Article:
Petra: Who would it be? It would be someone from Hungarian history, who had vineyards in Tokaj before the phylloxera. Which wine would it be? It would be a wine from their time. I am really curious about the wines from that time, especially the Aszú.  What would you talk about? Wine, and the methods they used for the vinification.

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To see a review of some of the wines available from Zsirai Winery, please click here.

Zsirai has limited availability outside of Hungary. If you live in Poland, Germany, Belgium, UK, and China you should be able to find Zsirai wines. Visit zsiraipinceszet.hu for more information on the family and their wines.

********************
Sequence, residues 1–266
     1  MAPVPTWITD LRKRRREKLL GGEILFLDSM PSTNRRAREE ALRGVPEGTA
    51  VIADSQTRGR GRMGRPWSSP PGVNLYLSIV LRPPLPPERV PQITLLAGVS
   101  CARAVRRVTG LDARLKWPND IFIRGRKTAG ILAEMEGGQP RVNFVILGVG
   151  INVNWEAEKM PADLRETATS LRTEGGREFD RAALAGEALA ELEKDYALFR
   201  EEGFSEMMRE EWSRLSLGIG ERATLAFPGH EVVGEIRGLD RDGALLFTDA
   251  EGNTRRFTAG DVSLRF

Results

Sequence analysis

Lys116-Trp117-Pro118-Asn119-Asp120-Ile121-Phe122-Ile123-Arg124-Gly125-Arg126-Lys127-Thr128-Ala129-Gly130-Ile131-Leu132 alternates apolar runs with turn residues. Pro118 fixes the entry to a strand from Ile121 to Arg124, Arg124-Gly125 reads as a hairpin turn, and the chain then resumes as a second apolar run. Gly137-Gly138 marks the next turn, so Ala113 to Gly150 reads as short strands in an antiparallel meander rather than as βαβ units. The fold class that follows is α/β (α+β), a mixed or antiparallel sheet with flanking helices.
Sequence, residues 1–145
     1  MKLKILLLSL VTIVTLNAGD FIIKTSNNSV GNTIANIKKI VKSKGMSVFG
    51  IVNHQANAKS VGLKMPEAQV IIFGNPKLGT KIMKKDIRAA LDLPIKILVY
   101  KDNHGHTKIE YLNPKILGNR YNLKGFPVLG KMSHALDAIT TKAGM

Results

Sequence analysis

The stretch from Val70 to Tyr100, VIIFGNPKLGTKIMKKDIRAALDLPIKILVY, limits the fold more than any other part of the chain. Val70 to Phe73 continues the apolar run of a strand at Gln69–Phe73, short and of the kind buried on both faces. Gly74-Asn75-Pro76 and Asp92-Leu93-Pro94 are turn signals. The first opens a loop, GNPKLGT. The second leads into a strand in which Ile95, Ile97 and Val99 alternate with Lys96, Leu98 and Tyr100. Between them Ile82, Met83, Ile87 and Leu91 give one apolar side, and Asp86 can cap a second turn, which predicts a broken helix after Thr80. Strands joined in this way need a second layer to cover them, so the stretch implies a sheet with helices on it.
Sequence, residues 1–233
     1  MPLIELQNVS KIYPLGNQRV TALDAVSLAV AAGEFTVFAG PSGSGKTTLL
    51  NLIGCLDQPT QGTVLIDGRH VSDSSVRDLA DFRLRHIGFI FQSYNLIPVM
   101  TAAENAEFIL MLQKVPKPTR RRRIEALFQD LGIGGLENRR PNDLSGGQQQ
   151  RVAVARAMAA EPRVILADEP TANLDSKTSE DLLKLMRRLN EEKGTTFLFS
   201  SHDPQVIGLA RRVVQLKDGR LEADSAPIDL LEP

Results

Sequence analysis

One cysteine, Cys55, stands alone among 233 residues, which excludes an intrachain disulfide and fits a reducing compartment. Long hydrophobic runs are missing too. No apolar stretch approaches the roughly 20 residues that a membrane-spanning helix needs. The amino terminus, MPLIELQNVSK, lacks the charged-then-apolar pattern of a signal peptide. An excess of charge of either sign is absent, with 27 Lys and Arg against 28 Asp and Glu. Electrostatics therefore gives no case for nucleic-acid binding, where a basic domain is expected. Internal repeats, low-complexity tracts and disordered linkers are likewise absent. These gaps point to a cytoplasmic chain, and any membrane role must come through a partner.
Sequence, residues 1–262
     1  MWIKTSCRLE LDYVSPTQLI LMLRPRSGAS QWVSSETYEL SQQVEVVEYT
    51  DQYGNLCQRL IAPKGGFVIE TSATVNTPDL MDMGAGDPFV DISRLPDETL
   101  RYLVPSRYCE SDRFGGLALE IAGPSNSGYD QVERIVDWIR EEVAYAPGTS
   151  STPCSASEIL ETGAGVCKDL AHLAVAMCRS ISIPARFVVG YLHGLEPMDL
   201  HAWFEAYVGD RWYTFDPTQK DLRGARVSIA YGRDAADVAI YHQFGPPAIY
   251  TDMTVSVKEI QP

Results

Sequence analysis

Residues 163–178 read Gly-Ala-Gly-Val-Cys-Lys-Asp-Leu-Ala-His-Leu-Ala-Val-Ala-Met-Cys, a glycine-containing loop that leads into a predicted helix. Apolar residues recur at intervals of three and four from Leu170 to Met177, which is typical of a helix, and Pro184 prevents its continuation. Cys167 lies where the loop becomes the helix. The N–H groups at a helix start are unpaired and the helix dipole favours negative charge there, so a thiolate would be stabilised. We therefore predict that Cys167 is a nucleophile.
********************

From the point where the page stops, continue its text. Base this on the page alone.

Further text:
To find out more about Hungarian wines, visit hungarianwines.eu.

About the author(s)

Writer/Blogger Website

Lisa Johnston is a Sydney/London based wine educator, writer, and wine business consultant who believes that wine should be fun, sometimes contemplative and never intimidating.

A firm believer that the wine experience is one that should be shared, winemusing.com will celebrate the best wines, winemakers and wine experiences from Australia to London and beyond. Thanks to the ever-changing nature of wine, in the vineyard, in the bottle, and in the glass – this may take a very very long time.